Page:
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How to Help the Family Adjust to a Military Spouse's Return

Learn how to help the family adjust to the return of a military spouse in this Howcast video about child anxiety issues.


I'm going to talk to you today about how to adjust to the return of the military spouse as a family. Now I think we're all so used to seeing those wonderful reunion pictures and videos on TV and in papers. And we love them. They're just everything we want in terms of a family to be together, to come home and to embrace that person that's been away serving our country. I think what we don't always see is that that can sometimes be the most difficult time for a family. There's all this joy, and the anticipation, and thankfulness that that person is back, and relief, but then there's the day to day integration and re-integration of that person into the family. It sometimes has been called going from the fox hole to the front porch. And those are two very different environments for both the person who is returning and the family members.

So the first thing to understand is that initial time may be a very mixed time in terms of there's a mixture of emotions. There's of course the elation and the gratitude. But what happens is that person is returning to a family that has been functioning maybe for many, many, many months without someone there. So there's a period of re-adjustment and re-integration. So roles may have changed. Children have gotten older. They've had all sorts of milestones that maybe somebody has missed. Maybe in a traditional family maybe, the dad is the one that's been deployed and now mom had to take over all sorts of new responsibilities. So when the dad comes back, those roles and responsibilities have to change again. Maybe grandparents were more involved to help out, and now where are they going to be in terms of that family system?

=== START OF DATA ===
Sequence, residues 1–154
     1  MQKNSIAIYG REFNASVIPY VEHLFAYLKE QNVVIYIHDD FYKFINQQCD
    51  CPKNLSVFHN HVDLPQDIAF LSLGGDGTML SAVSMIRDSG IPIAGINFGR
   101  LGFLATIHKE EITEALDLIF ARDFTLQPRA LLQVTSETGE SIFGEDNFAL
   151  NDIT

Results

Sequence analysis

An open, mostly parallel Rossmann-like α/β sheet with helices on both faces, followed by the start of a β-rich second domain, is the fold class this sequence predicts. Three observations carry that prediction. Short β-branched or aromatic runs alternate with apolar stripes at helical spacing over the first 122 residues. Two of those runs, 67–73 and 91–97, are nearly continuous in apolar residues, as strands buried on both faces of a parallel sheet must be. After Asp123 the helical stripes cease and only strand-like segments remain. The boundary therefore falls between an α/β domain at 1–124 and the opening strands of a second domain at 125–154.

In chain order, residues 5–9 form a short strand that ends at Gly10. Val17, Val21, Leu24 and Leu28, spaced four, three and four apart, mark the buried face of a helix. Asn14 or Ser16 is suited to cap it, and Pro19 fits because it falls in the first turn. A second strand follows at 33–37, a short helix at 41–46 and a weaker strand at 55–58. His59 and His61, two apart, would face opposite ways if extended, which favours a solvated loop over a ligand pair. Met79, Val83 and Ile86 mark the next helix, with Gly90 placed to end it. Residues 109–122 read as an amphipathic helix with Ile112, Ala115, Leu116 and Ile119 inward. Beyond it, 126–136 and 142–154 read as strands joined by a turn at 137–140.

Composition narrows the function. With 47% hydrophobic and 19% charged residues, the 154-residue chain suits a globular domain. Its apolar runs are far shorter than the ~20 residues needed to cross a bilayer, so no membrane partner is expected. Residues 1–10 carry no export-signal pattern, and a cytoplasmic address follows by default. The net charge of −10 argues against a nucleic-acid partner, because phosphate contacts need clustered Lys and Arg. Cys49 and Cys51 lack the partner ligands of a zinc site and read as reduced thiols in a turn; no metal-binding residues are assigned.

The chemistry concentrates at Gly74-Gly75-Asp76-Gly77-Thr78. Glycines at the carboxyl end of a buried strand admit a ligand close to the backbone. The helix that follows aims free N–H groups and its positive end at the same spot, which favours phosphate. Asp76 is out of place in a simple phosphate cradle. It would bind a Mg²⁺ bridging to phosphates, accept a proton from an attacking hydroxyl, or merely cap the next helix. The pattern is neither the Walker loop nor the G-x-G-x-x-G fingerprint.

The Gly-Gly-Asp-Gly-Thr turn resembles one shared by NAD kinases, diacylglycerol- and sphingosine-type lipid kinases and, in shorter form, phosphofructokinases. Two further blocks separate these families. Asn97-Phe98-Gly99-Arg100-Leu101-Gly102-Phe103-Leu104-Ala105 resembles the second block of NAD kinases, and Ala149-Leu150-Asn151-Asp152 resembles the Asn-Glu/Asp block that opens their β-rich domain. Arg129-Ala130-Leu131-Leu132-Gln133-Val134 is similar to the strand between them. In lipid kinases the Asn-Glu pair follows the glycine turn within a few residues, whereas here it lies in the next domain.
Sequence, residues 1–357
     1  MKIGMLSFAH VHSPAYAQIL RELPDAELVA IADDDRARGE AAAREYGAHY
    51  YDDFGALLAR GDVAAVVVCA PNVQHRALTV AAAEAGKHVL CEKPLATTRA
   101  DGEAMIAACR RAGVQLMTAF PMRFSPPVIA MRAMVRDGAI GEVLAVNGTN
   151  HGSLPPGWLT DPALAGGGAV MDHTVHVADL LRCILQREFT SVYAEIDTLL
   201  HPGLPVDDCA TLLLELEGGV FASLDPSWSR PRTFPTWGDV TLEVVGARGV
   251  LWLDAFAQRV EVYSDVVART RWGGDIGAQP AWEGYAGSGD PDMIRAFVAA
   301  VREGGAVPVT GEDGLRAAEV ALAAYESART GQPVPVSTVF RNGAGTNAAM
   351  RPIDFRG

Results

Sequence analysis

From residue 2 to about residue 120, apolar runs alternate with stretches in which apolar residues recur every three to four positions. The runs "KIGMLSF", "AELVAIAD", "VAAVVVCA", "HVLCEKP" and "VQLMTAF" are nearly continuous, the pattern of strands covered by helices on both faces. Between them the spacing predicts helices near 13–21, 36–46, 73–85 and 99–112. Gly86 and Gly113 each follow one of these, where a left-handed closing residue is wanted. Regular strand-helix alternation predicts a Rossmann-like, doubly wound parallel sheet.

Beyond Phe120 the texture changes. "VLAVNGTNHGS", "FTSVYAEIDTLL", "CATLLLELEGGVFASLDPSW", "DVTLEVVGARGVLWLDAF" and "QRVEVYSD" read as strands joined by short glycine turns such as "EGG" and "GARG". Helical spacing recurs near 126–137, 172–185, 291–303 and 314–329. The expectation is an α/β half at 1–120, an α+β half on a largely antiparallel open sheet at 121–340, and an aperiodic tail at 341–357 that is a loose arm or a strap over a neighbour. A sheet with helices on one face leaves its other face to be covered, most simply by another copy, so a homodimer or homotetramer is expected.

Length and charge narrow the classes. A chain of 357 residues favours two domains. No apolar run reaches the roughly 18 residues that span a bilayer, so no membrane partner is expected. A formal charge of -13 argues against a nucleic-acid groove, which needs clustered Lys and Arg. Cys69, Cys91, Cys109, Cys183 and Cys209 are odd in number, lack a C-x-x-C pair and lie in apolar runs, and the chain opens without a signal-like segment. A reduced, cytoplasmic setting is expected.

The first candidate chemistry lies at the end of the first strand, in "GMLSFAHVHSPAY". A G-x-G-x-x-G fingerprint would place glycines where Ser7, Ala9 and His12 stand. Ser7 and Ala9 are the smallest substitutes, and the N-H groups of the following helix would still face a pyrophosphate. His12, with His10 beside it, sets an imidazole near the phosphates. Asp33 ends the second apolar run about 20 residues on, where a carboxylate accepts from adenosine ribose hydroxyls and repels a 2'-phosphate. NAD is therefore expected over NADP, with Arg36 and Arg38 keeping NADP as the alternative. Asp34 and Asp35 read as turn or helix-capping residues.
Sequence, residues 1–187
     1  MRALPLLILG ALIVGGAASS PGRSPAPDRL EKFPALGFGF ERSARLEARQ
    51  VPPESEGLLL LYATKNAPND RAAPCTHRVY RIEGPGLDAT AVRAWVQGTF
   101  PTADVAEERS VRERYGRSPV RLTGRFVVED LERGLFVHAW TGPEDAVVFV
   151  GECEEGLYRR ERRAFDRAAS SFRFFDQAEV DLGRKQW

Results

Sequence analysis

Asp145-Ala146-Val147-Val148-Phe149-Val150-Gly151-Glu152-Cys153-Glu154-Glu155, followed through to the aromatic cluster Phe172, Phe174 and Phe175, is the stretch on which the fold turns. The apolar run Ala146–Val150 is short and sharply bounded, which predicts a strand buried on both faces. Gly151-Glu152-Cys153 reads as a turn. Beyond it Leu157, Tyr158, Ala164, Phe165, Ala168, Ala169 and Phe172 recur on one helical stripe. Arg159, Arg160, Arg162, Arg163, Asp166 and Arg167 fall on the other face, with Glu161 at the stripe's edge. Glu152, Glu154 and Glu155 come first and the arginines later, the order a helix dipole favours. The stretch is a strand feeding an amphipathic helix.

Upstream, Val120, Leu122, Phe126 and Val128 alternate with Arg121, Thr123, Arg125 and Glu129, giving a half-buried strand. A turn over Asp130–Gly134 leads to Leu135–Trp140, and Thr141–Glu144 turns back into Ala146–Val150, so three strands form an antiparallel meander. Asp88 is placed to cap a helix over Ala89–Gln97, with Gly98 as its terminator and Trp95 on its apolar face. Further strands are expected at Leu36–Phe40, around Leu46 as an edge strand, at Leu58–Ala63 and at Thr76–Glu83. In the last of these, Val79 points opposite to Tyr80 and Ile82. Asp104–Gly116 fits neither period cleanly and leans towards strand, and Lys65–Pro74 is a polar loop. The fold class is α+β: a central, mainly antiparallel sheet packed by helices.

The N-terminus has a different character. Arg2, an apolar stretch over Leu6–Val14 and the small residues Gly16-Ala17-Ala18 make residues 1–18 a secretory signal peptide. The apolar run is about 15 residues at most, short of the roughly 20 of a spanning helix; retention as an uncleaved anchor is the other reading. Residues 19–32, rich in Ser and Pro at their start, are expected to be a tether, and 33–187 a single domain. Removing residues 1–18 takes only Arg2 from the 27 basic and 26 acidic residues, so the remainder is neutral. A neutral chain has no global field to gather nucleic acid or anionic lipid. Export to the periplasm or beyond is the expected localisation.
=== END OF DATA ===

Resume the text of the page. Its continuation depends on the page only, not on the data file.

So I think there's a lot to think about in terms of being patient and understanding some of the feelings that everyone is having. So children, although it may seem as if they're going to be so excited and happy, young ones may need time to get to know that parent again. There may be some anxiety or just unfamiliar feelings about that person. Other kids, older kids at times may be scared that the person is going to go away again, and so they need to develop that sense of safety and security again and figure out who they go to for what now that everyone is back as a family.

And then of course the last thing is I think families always want to think about sometimes the difficult part of a return home, and that is how that person from the military is doing, doing everything you can to help in their adjustment. They come back and they are often very happy and excited, but their role has changed and they may have to figure out how to fit in. And there's other times we know that they come home with emotional difficulties whether it's from things that have happened while they've been away and deployed or things that are just difficult to get back into in terms of a family and a different kind of life.

So the more the family can communicate with each other, can talk about how they're feeling, and of course always get help if things seem like they're not the way they should be or that they could be better because there's tons of help out there for all family members in the military.

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